In addition to those already mentioned we especially commend the following to your prayers:- James Bowden (wounded), Ernest Weldon (wounded), Christopher Nash (wounded), David Luker (killed), Harry Bosley (killed in action), Thomas Brown (missing).

Earley St Peter parish magazine, October 1915 (D/P191/28A/22)

The men of Earley serving their country

An extremely long list of men with connections with Earley St Peter were receiving the support of parishioners’ prayers.

List of Names on the Roll of Honour and Prayer List
Duncan Adams, John Adams, Henry Adams, Frederick Allen, John Allen, Frank Allum, George Allum, George Ansell, Robert Ascroft, Frank Aust, William Ayres, Henry Ayres, Cyril Ayres, Reggie Ayres, John Ayres, James Auger, Samuel Auld, Charles Barton, William Barton, Clarence Burnett, Harry Bosley, Benjamin Bosley, Robert Beeson, Walter Bluring, Gordon Brown, Leonard Brown, Walter Brooker, Charles Baker, Ernest Balding, Albert Ballard, George Breach, Phillip Breach, Ernest Breach, Alfred Breach, Percy Bunday, George Bungay, William Bungay, Charles Bolton, Herbert Blyde, Lewis Blyde, Wilfrid Blyde, Arthur Buskin, Herbert Broadbear, Louis Bunce, Frank Berry, James Bowden, Henry Blathwayt, Harold Bennett, Harry Borroughs, Henry Barney, William Brett, Alfred Broad, Harry Ching, Charles Chesterman, George Chesterman, Ernest Chapman, Edwin Coldman, Edward Cottrell, Percy Cotterell, Hubert Collier, Alfred Cooper, George Comport, Guy Comport, Frank Cook, Ernest Cook, Eric Cook, Fernand Camus, John Cane, Charles Carpenter, Charles Clarke, William Clements, Charles Carpenter, Charles Clarke, William Clements, Charles Capel, Leonard Dann, Frederick Douglas, Reuben Dowsett, Renton Dunlop, Tom Durman, Jack Durman, Hugh Deeds, Ralph Deeds, Sidney Davis, Ralph Durand, Albert Denham, Frederick Dawson, Alfred Dee, Hugh Denton, Sidney Dormer, William Elliott, Charles Elliott, Reginald Elliott, Eric Evans, Alec Evans, Ernest Embery, Cyril Eaton, Eustace Finnes, George Forge, John Forge, Henry Fisher, George Fisher, William Fisher, John Fisher, George Fulford, Bernard Fixsen, Theodore Fixsen, William Farmer, Bert Farmer, Arthur Fulker, Cecil Fowler, William Fowles, Charles Goddard, Guy Goodliffe, Ernest Gowers, George Grey, Cecil Grey, Victor Gaines, Reginald Gatehouse, Herbert Garlick, Charles Phillips Groome, Samual Gould, Wilfrid George, Frank George, Gilbert Green, Frederick Goodger, Richard Goodall, Leslie Grinstead, Albert Howlett, Frederick Hearn, Arthur Hearn, Bert Hearn, Harry Harding, George Harding, Albert Harwood, William Harwood, George Harwood, Charles Haines, George Hitchcock, Albert Hitchcock, Henry Hayward, Percy Hamilton, Frank Hawkins, Albert Hosler, William Hall, Albert Hall, Henry Hall, George Hall, William Hall, Francis Harris, Arthur Harris, Richard Hayden, Fred Hull, Charles Hague, James Hague, Stanley Higgs, Leslie Heelas, Leonard Hedges, Harry Hambleton, Reginald Hawes, William Hope, Jack Howlett, Percy Howlett, Bertie Iles, Edward Iles, Percy Ilott, Thomas Ilott, Albert Ilott, Melville Innes, Walter Jeskins, Albert Jerome, Alfred Jerome, Walter Jerome, Frederick Jerome, George Jerome, Charles Jefferies, Henry Jones, Leopold Jenner, William Jeram, George Jeram, Henry Jeram, Woolf Joel, Alfred Jacobs, (more…)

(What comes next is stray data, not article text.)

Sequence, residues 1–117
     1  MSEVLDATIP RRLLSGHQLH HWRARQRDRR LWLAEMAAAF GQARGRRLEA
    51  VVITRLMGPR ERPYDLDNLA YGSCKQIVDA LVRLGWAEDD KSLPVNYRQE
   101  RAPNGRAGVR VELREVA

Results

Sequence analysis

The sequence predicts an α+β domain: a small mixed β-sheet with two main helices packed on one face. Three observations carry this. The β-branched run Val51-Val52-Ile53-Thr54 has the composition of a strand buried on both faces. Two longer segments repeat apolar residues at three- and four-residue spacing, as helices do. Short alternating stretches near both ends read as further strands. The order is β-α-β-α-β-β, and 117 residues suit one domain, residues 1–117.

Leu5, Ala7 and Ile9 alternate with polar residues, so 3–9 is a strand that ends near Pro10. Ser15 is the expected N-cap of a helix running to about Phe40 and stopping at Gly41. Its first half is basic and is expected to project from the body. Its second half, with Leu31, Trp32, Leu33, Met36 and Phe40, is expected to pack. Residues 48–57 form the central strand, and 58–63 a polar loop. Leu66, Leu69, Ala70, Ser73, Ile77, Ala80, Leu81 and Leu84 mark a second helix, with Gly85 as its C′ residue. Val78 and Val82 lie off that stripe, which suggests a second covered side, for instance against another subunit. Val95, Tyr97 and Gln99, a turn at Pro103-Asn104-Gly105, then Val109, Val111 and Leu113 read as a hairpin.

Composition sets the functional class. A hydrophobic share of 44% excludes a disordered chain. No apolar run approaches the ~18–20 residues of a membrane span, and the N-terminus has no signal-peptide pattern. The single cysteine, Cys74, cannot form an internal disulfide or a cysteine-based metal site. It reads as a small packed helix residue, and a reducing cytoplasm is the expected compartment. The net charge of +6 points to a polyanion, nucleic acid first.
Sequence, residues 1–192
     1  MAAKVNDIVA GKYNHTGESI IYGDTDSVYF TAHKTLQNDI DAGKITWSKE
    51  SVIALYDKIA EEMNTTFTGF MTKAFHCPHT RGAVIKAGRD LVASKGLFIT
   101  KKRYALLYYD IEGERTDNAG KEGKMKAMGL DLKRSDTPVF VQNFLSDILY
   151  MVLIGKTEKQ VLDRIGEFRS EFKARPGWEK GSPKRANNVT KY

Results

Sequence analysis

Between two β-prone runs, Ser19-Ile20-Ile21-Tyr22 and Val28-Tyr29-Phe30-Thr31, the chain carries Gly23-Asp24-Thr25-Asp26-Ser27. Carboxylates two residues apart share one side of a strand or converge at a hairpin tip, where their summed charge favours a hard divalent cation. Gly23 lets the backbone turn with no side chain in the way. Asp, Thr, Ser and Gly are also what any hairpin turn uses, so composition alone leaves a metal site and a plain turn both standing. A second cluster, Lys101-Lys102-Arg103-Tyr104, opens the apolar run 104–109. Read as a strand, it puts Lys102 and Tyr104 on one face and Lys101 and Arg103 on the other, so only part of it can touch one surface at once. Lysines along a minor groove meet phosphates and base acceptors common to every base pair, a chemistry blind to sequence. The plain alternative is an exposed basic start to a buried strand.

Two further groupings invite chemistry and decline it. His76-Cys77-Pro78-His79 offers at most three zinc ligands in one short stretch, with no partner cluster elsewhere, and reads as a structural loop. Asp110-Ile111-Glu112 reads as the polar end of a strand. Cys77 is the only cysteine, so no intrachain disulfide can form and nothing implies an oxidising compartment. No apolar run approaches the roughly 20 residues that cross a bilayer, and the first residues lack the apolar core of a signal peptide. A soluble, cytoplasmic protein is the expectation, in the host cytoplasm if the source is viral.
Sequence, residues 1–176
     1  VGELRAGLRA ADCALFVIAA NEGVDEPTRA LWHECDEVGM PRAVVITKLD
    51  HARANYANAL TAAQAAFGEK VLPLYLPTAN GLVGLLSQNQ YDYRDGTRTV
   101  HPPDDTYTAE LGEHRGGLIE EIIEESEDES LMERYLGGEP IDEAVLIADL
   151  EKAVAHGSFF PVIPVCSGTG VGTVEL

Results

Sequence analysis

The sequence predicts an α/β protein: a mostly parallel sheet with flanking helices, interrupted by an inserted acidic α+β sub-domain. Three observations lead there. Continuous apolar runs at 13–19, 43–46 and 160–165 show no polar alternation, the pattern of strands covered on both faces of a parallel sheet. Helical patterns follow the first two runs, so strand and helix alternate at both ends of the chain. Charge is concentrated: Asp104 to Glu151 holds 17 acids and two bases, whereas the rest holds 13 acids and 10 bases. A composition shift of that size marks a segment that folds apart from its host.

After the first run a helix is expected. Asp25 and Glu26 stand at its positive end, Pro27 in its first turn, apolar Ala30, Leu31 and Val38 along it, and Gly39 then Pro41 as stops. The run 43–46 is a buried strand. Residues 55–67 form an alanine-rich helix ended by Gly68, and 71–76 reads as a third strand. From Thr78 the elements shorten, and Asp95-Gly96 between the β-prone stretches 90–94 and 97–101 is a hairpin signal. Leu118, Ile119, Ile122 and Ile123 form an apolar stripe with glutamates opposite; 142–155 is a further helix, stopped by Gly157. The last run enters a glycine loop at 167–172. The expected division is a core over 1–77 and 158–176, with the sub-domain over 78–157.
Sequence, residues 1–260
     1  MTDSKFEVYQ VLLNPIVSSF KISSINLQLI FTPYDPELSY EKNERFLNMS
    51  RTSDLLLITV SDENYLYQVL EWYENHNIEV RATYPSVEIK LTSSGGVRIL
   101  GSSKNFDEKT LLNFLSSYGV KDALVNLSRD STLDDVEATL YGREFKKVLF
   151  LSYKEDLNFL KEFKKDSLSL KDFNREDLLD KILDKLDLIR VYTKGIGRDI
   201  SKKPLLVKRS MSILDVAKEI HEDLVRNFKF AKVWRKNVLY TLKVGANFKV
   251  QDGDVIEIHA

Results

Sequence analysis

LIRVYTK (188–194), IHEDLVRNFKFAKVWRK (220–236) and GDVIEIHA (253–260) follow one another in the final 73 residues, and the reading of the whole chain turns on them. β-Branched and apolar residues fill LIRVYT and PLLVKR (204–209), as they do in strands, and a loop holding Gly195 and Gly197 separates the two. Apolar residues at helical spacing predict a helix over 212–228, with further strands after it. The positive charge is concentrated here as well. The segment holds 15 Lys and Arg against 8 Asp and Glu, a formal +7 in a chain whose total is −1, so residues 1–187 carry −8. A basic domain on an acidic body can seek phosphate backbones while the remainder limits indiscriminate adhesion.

Entertaining the Army Service Corps in Earley

Parishioners at Earley St Peter entertained the Army Service Corps men billeted locally, while worrying about their own loved ones at the front.

Report of C.E.M.S. Soldiers’ Entertainment Committee.

The generosity of the Parish enabled the committee to give Twelve entertainments to the 178th Co. of the A.S.C.; the subscribers being the Rev. Canon Fowler, Major M. Hull, Messers. Allen, Bennett, Bastow, S.O. Bastow, Beldam, Bartlett, Culham, Friedlander, Farrow, Goodenough, Goodyer, Hawkes, Hart, Heelas, Howlett, Jordan, Jones, Keep, Lee, J.Lewington, Love, Masser, Murton, Newbery, Rushbrook, Smith, Martin, Sutton, Sargeant, Tagg, Tomlin, Wilson, Wooldridge, White, Webb, Wait; Mesdames Blyde, Barkshire, Dunlop, Fowles, Friends, Goodyer, Hawkes, Hawkins, Lawrence, Montizambert, Payne, Shaw, Stroud, Southern, Wyley, Warmington, Witherington; the Misses Beauchamp, Corner, Croome, Carlsson, Davis, George, Goodwin, Hannaford, Keep, Maurice, Miller, Montizambert, Stroud, Taunton.